FIG. 3 shows a blocking obturator 48 that prevents or reduces accumulation of tissue in slits 26 when aspiration probe 12 is not connected to suction source 14. Blocking obturator 48 has a shaft 50 sized to snugly slide into interior chamber 24. Preferably, shaft 50 is provided with an arrangement of elements sized and shaped to mate with apertures 26 of probe body 18. In the embodiment of FIGS. 1 and 3, blocking obturator shaft 50 is provided with ribs 52 configured to correspond to slits 26 on body 18 of aspiration probe 12. As blocking obturator 48 is slid into chamber 24, ribs 52 engage slits 26 to block fluid communication between chamber 24 and the tissue. Eliminating or at least partially restricting this fluid communication between chamber 24 and the tissue minimizes the chances that tissue can get trapped in slits 26. The potential for trapped tissue can result from different phenomena, including debris or tissue growth into slits 26. A distal end 54 of blocking obturator 48 is shaped to facilitate handling of blocking obturator 48.

Although blocking obturator 48 can be made of any biocompatible material, if blocking obturator 48 is made of metal, it is preferably made of the same metal as aspirating probe 12 to prevent mixed metal (galvanic) corrosion. If blocking obturator 48 is made of an electrically conductive material, blocking obturator 48 can also serve as an electrode for electroporation. A blocking obturator 48 which is formed of a material impregnated with a desired agent may be provided to serve an additional function of providing a slow, controlled release of the agent. There are a number of biocompatible materials, such as polymethyl methacrylate, nylon, and a porous inorganic matrix (e.g., a ceramic), that can be impregnated with pharmacological agent and used to make blocking obturator 48. Examples of agents include antibiotics for preventing infections around aspiration probe 12 and chemotherapeutics for treating tumors. Blocking obturator 48 can be impregnated with a combination of these agents. As an alternative drug delivery modality, aspiration probe 12 can be used to deliver a bolus of a pharmacological agents through slits 26 when connection member 16 is coupled to a delivery device, such as a syringe. Such a bolus delivery can be advantageous when a plurality of aspiration probes 12 are used in treatment, as described in more detail below.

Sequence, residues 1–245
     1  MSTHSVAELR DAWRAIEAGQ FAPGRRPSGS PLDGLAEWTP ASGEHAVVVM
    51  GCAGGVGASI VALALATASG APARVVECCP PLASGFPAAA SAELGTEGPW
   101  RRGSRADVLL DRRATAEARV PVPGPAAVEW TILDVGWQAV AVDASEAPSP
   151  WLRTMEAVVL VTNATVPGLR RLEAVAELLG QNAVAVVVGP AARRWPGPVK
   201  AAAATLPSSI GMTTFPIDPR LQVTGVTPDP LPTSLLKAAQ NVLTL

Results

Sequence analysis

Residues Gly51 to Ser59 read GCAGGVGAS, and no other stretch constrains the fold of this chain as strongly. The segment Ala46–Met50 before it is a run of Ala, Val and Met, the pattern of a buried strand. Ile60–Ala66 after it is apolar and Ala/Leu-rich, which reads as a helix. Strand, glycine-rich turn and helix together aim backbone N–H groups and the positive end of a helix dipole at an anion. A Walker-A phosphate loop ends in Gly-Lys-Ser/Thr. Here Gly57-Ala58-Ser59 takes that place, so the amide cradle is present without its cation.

A third obturator, a conducting obturator 55, may be provided for use with aspiration probe 12. An exemplary conducting obturator 55 is shown in FIG. 4. Conducting obturator 55 has a shaft 56 sized for sliding into interior chamber 24 of aspirating probe 12 and is made of an electrically conductive material. Conducting obturator 55 has a fitting 58 for connection to an electroporation device. Thus, conducting obturator 55 serves as an electrode for generating an electric field in the tissue. Conducting obturator 55 may be provided with protrusions that fit in apertures 26 of aspiration probe 12. These protrusions increase contact between the tissue and conducting obturator 55. A second conducting obturator 55 inserted in a second aspiration probe 12, an aspiration probe 12 made of an electrically conducting material, or a needle electrode can serve as the second electrode to complete the electrode pair. These electrodes are placed in the tissue so that when the electrical fields are activated, the entire tissue region targeted for treatment receives a uniform electric field. This promotes a more uniform distribution of any agent in the tissue.